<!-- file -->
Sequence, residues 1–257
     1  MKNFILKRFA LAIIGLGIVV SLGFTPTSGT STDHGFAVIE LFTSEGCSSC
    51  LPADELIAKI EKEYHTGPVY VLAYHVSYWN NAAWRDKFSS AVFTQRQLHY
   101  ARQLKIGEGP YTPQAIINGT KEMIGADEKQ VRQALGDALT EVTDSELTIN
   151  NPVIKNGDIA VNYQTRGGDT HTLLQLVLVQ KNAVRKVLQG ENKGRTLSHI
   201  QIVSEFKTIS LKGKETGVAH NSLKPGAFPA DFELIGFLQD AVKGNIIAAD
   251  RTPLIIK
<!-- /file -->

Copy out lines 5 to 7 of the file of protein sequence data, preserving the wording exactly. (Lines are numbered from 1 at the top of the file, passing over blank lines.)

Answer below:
   151  NPVIKNGDIA VNYQTRGGDT HTLLQLVLVQ KNAVRKVLQG ENKGRTLSHI
   201  QIVSEFKTIS LKGKETGVAH NSLKPGAFPA DFELIGFLQD AVKGNIIAAD
   251  RTPLIIK